Charles McGraw! I never even realized he was in it before. When you meet him in a diner, as in THE KILLERS, you know you’re in trouble. I never recognized him because his face, described I think by The Guardian‘s John Patterson as “as beautiful as a knife,” has softened with age, become NORMAL. A shame.

Chaos! I dig the exploding man, but I don’t particularly dig those short static cuts of Tippi watching the burning petrol flow. It’s an interesting idea but for me it doesn’t come off. If the cuts were shorter? They’re already unusually short… Of course, naturalistically, Tippi should be in motion, her head turning to follow the burning gasoline. The idea of presenting that fluid motion in a series of snapshots is dramatic and striking, but it feels awkward. Some people have looked at it and said that Tippi Hedren can’t act, but if the sequence seems unconvincing it can’t be blamed on her: the reaction shots seem strange because of the stylization, not the performance.

After the gas station explodes, the ultimate Hitchcock God Shot, from on high, looking DOWN on the birds looking down on the scene of their triumph. A multiple exposure effect, with the fire filmed on the Universal lot, a matte painting by Albert Whitlock supplying the landscape, and matted-in gulls.

Tippi in the phone box as all hell breaks loose does remind me unfortunately a little of the “panic” scenes in AIRPLANE, with everyone screaming and shouting — the possibility of a topless woman or a couple of fencers passing through frame seems imminent. But soon we are back in the diner for the conclusion of that little play.

And the final siege of the house is excellent — particularly this slow pull-back, which seems like a foretaste of Sam Raimi and THE EVIL DEAD. This is where the character stuff should get settled, and there are hints of it, but I think Hitch may have been saving something for the climax — which he chose not to shoot. So Rod’s final choice between his mother and his lover isn’t quite there. In fact, that conflict is then folded away by the attack on Tippi in the attic. Of course, there’s no reason for her to go up there, but I have a feeling that if you watched the film in a cinema, the question wouldn’t arise. When two watch it together on DVD, one will always ask, “Where does she think she’s going?”

And the reason the bird attack doesn’t get the same praise as the shower scene in PSYCHO despite being possibly more elaborate, more brutal and more elegantly made, is that the soundtrack doesn’t back up the shock effect. The fluttering of wings is neither gently enough to make a striking contrast with the violence, nor loud enough to reinforce it the way Herrmann’s score does in the previous movie. Plus, I do think the scene might have been better darker, with the shaking flashlight doing more to dazzle the audience. That kind of piercing  optical pain would really enhance the effect.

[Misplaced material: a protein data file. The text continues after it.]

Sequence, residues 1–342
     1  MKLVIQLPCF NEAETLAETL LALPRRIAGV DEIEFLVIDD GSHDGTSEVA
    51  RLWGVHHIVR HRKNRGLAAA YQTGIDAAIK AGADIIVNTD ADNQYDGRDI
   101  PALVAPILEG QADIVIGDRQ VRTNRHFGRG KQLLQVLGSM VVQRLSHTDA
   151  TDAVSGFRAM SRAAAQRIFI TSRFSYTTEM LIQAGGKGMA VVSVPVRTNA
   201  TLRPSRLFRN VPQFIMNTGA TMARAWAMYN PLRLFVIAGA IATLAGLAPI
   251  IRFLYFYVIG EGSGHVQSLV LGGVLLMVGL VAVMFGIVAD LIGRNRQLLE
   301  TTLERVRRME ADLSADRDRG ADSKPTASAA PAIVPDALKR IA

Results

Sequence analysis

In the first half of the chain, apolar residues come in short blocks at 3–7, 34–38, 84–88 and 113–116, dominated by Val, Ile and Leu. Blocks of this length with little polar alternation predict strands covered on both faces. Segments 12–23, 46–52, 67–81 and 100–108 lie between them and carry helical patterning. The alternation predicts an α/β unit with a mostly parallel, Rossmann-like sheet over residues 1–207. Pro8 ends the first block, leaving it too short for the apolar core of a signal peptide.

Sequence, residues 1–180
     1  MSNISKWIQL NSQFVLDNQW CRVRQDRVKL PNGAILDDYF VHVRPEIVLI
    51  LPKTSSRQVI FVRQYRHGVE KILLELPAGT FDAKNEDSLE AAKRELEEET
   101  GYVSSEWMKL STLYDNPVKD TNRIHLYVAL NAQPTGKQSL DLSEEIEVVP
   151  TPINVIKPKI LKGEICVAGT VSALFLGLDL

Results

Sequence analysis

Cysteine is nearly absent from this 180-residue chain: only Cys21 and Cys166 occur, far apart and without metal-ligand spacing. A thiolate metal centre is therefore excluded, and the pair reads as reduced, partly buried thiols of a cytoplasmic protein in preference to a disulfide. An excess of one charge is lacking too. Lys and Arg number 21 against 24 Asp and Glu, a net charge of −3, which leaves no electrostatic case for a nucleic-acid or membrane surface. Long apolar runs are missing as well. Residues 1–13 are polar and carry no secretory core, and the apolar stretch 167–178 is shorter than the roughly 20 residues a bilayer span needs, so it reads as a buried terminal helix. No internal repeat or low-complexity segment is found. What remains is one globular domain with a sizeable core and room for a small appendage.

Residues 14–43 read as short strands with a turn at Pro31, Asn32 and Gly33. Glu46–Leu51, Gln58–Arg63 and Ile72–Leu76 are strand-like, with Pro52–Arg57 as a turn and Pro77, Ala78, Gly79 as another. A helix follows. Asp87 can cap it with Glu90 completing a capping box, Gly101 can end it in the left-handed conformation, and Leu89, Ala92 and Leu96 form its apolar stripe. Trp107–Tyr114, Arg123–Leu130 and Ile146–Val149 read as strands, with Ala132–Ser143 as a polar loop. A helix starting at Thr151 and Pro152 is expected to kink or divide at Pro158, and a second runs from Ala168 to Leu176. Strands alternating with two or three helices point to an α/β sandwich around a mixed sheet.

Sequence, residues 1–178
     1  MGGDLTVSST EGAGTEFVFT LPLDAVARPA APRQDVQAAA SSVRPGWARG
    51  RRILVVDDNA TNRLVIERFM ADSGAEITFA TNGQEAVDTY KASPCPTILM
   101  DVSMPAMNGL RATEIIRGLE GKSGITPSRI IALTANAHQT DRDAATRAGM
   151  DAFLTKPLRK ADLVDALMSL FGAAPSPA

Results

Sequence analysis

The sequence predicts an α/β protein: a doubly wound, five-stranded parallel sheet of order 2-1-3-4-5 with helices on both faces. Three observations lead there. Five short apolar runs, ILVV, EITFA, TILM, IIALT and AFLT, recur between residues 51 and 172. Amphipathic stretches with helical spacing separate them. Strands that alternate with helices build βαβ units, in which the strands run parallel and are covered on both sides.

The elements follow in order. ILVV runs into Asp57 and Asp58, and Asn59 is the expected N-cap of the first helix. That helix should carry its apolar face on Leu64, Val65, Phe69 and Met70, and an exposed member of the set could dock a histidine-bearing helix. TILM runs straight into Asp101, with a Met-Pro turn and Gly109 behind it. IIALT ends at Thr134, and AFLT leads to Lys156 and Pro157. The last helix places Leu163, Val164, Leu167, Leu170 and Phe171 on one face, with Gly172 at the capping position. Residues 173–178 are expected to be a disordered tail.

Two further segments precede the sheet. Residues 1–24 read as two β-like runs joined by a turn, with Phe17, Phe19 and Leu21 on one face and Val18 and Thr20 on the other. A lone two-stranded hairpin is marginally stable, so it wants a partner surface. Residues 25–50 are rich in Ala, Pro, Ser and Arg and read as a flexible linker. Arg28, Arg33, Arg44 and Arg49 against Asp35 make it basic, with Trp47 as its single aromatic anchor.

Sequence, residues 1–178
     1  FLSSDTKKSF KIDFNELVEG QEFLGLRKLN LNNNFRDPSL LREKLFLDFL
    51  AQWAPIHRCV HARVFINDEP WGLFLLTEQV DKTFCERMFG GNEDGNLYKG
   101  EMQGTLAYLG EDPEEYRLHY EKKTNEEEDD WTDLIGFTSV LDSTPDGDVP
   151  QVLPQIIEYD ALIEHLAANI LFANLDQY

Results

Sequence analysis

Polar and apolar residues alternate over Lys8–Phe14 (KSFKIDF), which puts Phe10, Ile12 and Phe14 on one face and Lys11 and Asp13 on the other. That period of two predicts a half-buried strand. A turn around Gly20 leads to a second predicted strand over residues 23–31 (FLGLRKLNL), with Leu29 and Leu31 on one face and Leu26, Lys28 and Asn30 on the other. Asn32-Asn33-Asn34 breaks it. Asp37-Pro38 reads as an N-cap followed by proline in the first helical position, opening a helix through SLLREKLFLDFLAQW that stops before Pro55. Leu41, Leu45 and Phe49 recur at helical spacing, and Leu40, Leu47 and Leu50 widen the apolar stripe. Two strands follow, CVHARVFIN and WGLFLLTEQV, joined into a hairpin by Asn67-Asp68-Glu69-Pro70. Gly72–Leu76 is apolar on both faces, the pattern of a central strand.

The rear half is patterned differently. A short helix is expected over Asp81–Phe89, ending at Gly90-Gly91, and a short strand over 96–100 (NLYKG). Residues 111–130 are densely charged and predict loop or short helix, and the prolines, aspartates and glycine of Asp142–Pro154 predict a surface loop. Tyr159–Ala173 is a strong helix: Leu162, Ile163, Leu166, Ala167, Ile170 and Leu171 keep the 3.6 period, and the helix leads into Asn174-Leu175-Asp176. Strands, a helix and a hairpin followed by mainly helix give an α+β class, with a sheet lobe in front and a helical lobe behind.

Fiona does allow that Tippi is excellent at being shellshocked in greige lipstick. Indeed, all the heroines do excellent shock and terror (only Suzanne is a tough cookie).

Escape — through an apocalyptic birdscape (in the name of realism, everything should be streaked and striated white, until it forms a blinding void like the one the Universal logo sits amid at the film’s start). Note the convertible. Hunter’s scripted climax would have had the birds attack the car as it races off along winding roads, pecking the roof to shreds to get at the tasty, expensive morsels within. At the last moment, some kind of Marnie-esque Freudian revelation, coming from nowhere and going nowhere, was added by Hitch, so that Tippi comes to terms with her absent mother just as the roof flies off the Aston Martin, and then they escape. The idea of a bird-dominated San Francisco, with our feathered friends lining the Golden gate Bridge, was discussed, but never seriously plotted as part of the script.

Hunter was horrified by the additional lines, but equally horrified by Hitch’s deletion of the ending (Note: Hunter had his problems with Hitch, and certainly was very critical of THE BIRDS, but he loved and respected the director and would have liked to work with him again). What does the ending, as it stands, say? I think as a kid I experienced it as an abrupt halt, almost SIMON OF THE DESERT style, abruption + incompletion. Sort of what Hitch seems to have intended. The widescreen DVD, however, has followed Hitch’s original wishes and removed the THE END title (I think that’s the case — or maybe that title was never there and it’s the final Universal logo he objected to? Anyone know for sure?). And my feeling this time, as we stray behind with the roosting birdies, os that they’ve won. Our fleeing humans have nowhere to go and can’t outrun the next attack, but that’s not even the point. This little spot belongs to the birds, and this is the wave of the future.

This, it seems, is exactly what Evan Hunter disliked, this sense of doom and hopelessness. Rarely has an ending in which a family drive off into the sunrise seemed so bleak.